Midnight Sun–On the Backs of my Ancestors


Original image via Flickr Creative Commons, courtesy of Zoltán Bánfalvy

A friend of mine said I need to blog about things that just affect me. He said to call it whatever I wanted to but I had to blog and get more personal. So, I’ve called this category of the blog Midnight Sunshine and for this first post about me, I want to talk about my family reunion.

I had the privilege of going to my family reunion last weekend. If my mother reads this, she’ll probably smirk because she knows how difficult it was to get me to attend.  After all, I’m busy with life and busy with writing and busy with my show and busy with blah, blah, blah. It wasn’t that important to me to go at first. But for all good daughters with mothers that ride you until you capitulate or shoot yourself in the head, I sucked in my breath, threw back my hair, and did what I was told to.

Friday was meet and greet night. When I walked into my parent’s house, I looked up and saw my grandfather in feminine guise. Dark chocolate skin with even darker eyes that took in a lot at first glance.  A kind smile and I instantly knew this was my cousin. More mature than me but yet, we had the same blood. Granddaddy had been dead for years and yet, here he was again and a wealth of memories exploded in my mind. Memories I had forgotten about.  After the reunion, I find myself thinking of him. Granddaddy had been tall, with big lips and a raspy voice. His hair was sparse and gray but I remember feeling nothing but love for him. I can remember that after Granddaddy watched his soap operas (which I now know to be General Hospital) he’d let us watch TV with him and we’d watch cartoons or movies.

And to really age myself, I remember taking out a giant laser disc, flipping it over and pushing it back in the machine to watch the other half of the movie.

I’ve given myself away. o_O

The next night was the banquet. What was funny about that was the fact there were more canes in there than at an orthopedic store. But I saw cousins I hadn’t seen in a long time. All of them in some sort of degree work, or working. The babies from long ago were now tall tweens standing and looking down at me. The babies were now toddling about the place.

Then came the part of the reunion that is etched in my memory and will be for a very long time. We had never met my grandfather’s side of the family but now I was exposed to stories of not so very long ago. Of the women who worked as sharecroppers and maids. Of the men who were killed by lynchings, mobs, and bigotry. The thoughts of dreams had never been in their lives — it was just a big deal to survive in the Deep South.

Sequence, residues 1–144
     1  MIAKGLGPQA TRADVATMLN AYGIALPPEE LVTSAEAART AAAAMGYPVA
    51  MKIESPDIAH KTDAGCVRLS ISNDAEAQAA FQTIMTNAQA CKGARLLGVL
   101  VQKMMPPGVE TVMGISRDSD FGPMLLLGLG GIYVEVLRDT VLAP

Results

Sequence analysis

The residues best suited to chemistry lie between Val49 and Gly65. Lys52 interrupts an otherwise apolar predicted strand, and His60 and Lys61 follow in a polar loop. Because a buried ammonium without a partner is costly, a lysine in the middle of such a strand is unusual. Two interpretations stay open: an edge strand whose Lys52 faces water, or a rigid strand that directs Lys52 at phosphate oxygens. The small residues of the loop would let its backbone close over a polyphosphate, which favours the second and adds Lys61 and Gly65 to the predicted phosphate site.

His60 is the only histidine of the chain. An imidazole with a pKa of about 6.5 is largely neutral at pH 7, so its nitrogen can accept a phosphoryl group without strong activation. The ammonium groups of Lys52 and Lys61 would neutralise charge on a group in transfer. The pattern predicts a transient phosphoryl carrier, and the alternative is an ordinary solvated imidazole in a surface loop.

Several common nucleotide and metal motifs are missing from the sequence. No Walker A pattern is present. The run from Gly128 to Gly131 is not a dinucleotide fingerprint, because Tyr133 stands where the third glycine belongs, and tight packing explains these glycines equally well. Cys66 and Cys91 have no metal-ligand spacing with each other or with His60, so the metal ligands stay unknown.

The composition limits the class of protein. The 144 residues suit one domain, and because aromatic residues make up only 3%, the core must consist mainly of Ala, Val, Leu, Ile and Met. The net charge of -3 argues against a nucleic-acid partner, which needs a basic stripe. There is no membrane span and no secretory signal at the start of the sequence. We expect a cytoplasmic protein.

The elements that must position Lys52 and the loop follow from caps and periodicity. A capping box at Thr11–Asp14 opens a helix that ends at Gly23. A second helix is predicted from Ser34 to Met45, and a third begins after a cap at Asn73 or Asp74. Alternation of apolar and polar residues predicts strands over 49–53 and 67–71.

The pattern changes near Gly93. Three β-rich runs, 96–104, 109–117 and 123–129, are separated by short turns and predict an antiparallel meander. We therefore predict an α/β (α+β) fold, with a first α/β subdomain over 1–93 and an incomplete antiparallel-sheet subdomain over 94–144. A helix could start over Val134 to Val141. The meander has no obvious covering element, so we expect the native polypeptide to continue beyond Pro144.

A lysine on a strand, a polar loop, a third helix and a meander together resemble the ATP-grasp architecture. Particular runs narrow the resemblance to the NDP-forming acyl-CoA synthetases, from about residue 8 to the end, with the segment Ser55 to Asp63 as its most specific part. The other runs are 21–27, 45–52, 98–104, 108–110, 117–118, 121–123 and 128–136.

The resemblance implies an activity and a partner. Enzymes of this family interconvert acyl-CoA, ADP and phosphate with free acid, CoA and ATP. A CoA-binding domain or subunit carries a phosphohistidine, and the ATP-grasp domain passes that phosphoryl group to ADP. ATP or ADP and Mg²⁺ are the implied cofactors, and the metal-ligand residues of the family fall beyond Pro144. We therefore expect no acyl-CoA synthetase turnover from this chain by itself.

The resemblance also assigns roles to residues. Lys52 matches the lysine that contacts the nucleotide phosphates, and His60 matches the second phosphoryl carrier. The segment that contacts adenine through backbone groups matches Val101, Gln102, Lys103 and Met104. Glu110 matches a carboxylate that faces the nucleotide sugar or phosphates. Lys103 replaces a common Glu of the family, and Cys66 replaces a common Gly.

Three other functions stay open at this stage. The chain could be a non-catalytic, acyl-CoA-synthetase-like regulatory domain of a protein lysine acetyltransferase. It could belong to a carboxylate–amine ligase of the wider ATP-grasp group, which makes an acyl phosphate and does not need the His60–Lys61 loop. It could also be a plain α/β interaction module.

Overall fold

1009447_681467245201825_1754735879_oMy grandfather’s brother, Jesse James Payne, was kidnapped, hunted down, and eventually shot due to an altercation between him and his landlord. I’d had no idea this had happened. During the time frame in question, he really didn’t have any hope of justice.

After all his death was a sign to other black people at the time to ‘know their place’.

My cousin said, “You must never forgot the sacrifices of those who went before you. You are where you are today because you stand on their backs.”

Sunday was church and I had to scurry from one church service to another but I got my praise on. So much so, I hurt my back and my legs in the process. But if felt so good to be part of a heritage that is riddled with pain.

Monday night, I got depressed with my novel I’m working on. Riddled with the constant doubts that writers besieged themselves with, for a half hour or so, I’d hit the bottom of failure well. But then, my grandfather’s face lifted before my eyes and I could see shadows of those family members I never knew.  And in my mind, they laid on the ground, backs exposed, and told me to walk on.

So I have to try. I have to keep working to become a better person, a better writer. To press onward and upward so they will know I appreciate everything they did for me.

I think writers, as we strive for our craft, to improve and to hone, maybe need to remember our family histories. Maybe it wasn’t racial bigotry that caused your ancestors’ dreams to remain unfulfilled but financial constraints, gender discrimination, socio-economic status…remember you walk on the backs of those before you who long, and dreamed to be where you are.

I make this pledge to my dead ancestors…with every book I publish I will make sure to thank them for allowing me to carry on their dreams.


2 responses to “Midnight Sun–On the Backs of my Ancestors

  1. Very stirring and moving Parker. Thank you for sharing with us about a small piece of your family’s rich heritage. Can’t you picture them in your fancy, smiling down at you and saying with a deep sigh of satisfaction, “It was worth it”?

  2. Pingback: Why I Wrote “An Agent for Arielle” | Grace & Faith 4 U

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